2. 1. About the poet
2. Central idea
5. Key points
7. Poetic devices
3. Kamala Das also known as Kamala Surayya was born on
31 March 1934 in Malabar, Kerala. She was an Indian English
poet and littérateur and at the same time a leading Malayalam
author. Her popularity in Kerala is based chiefly on her short
stories and autobiography written under name Madhavikutty,
while her oeuvre in English, written under the name Kamala
Das, is noted for the poems and explicit autobiography.
Some of her works in English include the novel Alphabet of
lust (1977), a collection of short stories Padmavati the Harlot
and Other Stories (1992), in addition to five boooks of poetry.
She is a sensitive writer who captures the complex subtleties
of human relationships in lyrical idiom, My Mother at Sixty-six
is and example.
4. Kamala Das has received may
awards for her literacy
contribution, including: (few of
1. Nominated and shortlisted for
Nobel Prize for Literature in
2. Award of Asian PEN
anthology – 1964
3. Kerala Sahitya Academy
Award – 1969
4. Sahitya Academy Award –
5. Honorary D.Litt by University
of Calicut – 2006
On 31 May 2009, aged 75, she
died at a hospital in Pune.
5. Aging is an important phase of human life. A
person enter his childhood, experiences youth when
he is full of energy and dreams to have luxury of life.
Finally, he approaches his old age and encounters
death. Relationship between people becomes
stronger at every aspect of life and they can’t bear
separation due to aging.
6. In this poem, the poet relates a personal
experience. She brings out a common paradox of
human relationships and portrays a sensational
separation of a mother and a daughter. She has
been able to capture almost all the emotions which a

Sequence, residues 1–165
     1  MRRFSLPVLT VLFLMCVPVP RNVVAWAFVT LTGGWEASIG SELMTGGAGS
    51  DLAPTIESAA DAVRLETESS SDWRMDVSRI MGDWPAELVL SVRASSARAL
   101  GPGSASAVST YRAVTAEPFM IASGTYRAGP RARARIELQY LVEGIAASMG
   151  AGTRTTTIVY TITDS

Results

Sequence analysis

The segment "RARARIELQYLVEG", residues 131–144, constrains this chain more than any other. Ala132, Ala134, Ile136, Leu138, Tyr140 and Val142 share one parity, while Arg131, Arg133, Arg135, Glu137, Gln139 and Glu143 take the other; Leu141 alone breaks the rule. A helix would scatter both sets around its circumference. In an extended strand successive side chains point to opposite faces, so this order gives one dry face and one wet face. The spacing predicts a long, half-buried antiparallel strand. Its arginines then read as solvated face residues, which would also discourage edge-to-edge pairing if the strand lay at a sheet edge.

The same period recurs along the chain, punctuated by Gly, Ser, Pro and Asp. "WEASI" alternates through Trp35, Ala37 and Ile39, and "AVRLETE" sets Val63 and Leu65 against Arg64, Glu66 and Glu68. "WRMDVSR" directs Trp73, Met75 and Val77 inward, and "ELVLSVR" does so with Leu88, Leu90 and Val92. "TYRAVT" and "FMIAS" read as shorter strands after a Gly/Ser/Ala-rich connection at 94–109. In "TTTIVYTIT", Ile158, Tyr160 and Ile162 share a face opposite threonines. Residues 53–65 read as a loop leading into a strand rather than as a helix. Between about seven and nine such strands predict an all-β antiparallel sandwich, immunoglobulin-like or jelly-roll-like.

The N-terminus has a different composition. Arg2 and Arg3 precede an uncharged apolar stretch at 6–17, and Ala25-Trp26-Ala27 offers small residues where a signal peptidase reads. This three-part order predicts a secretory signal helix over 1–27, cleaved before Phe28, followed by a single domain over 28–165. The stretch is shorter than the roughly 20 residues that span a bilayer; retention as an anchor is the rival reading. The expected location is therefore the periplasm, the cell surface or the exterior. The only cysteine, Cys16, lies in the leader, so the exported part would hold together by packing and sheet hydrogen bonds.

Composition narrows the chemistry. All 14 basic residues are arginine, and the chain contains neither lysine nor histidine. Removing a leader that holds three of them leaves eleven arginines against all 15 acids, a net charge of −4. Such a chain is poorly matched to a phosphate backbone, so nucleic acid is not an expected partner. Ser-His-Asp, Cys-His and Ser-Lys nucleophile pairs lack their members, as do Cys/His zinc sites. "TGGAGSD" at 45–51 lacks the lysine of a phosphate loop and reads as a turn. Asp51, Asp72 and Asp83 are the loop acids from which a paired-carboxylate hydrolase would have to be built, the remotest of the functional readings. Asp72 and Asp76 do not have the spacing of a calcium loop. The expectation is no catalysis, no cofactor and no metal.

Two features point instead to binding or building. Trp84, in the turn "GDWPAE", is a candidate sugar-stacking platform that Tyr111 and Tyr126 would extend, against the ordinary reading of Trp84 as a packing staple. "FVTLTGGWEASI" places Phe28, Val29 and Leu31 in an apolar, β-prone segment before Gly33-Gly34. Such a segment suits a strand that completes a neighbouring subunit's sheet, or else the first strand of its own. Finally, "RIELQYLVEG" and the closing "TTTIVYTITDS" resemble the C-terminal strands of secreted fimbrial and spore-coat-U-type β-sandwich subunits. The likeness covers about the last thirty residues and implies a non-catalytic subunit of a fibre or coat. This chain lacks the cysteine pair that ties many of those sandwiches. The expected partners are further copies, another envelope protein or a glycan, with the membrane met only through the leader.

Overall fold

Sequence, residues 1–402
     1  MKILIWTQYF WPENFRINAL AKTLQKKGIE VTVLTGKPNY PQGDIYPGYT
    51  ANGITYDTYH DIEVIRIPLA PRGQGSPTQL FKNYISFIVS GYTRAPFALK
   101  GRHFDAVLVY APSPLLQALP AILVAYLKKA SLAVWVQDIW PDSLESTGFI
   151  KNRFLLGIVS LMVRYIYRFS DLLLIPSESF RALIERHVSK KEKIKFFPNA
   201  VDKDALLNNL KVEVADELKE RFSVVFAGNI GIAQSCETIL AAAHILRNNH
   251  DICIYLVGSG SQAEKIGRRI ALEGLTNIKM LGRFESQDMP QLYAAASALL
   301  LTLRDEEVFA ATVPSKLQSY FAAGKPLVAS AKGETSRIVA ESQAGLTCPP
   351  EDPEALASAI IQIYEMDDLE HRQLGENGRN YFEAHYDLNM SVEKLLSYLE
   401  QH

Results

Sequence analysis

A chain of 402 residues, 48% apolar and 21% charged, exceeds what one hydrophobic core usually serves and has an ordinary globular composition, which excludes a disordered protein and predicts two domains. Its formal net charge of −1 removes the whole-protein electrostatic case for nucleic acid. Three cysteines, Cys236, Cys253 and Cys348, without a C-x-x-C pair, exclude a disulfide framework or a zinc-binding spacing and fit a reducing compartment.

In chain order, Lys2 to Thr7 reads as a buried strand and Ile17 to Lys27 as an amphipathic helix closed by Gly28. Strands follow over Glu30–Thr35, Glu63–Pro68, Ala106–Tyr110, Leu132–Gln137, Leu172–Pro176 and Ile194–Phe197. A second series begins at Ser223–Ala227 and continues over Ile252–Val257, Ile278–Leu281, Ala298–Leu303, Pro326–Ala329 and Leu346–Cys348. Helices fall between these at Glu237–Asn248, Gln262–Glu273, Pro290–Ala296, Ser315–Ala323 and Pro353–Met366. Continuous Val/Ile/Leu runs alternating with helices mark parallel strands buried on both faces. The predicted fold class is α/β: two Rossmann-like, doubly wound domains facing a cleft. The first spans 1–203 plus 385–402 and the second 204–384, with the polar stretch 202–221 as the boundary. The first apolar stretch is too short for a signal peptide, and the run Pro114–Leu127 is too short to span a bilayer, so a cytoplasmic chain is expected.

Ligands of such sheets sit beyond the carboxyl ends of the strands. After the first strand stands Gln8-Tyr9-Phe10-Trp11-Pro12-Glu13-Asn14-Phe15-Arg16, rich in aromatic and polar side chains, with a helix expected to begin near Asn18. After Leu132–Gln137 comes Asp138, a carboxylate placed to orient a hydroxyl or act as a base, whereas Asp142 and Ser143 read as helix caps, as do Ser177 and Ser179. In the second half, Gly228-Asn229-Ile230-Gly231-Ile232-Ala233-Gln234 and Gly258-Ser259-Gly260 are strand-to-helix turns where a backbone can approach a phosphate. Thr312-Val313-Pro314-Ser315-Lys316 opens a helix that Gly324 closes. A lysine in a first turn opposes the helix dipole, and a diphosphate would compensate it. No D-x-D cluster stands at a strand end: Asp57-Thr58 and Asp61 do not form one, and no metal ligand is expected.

daughter is filled with, on bidding farewell to her
beloved mother. Sometimes we do feel deep
sympathy for someone but we fail to express it in a
proper manner. 6
7. Driving from my parent’s
home to Cochin last Friday
morning, I saw my mother,
doze, open mouthed, her face
ashen like that
of a corpse and realized with pain
that she was as old as she
looked but soon
put that thought away, and
looked out at Young
Trees sprinting, the merry children spilling
8. out of their homes, but after the airport’s
security check, standing a few yards
away, I looked again at her, wan,
As a late winter’s moon and felt that
familiar ache, my childhood’s fear,
but al I said was, see you soon,
all I did was smile and smile and smile and
9. In this poem, Kamala Das explores the theme of
ageing and death and isolation through a narration
involving her mother.
While driving from her parent’s home to Cochin,
she notices her mother sitting beside her dozing, her
face pale like a dead body and her thoughts far
away. This reminds her painfully that her mother is
old and could pass away leaving her alone.
10. Putting that thought aside she looked out at the
young trees speeding by and children running out of
their homes happily to play. These remind her probably
of youth and life, her own younger days and her
mother when she was young.
But after the security check at the airport, looking
back at her mother standing a few yards away, she
finds her looking pale like the winter moon. She feels
that familiar pain and childhood fear of the thought of
losing her mother and of being lonely just as she had
been when she was young because she was different
from other children. She could only keep smiling and
tell her ‘see you soon’ knowing full well that she might
not see her. 10
11. 1. Poetess travelling in Cochin airport with her
mother in a car.
2. Looks at the wan, pale face of her dozing mother.
3. Old fear of loosing her mother returns.
4. Sprinting trees and merry children provide the
contrast and relief.
5. After the security check the old familiar ache
6. Tries to hide her emotions by smiling.
7. Bids good bye to her mother with a hope to see
12. 1. Wan – colorless, pallid
2. Late winter’s moon – Dim moon shrouded by
3. Spilling – Run out
4. Ashen – Grey (old age)
5. Ache – Pain
6. Sprinting – Short fast race, running
13. 1. Simile:
1) wan, pale as a late winter’s moon
2) her face ashen like that of a corpse
1) the merry children spilling out of their homes
1) young trees sprinting
1) I did was smile and smile and smile……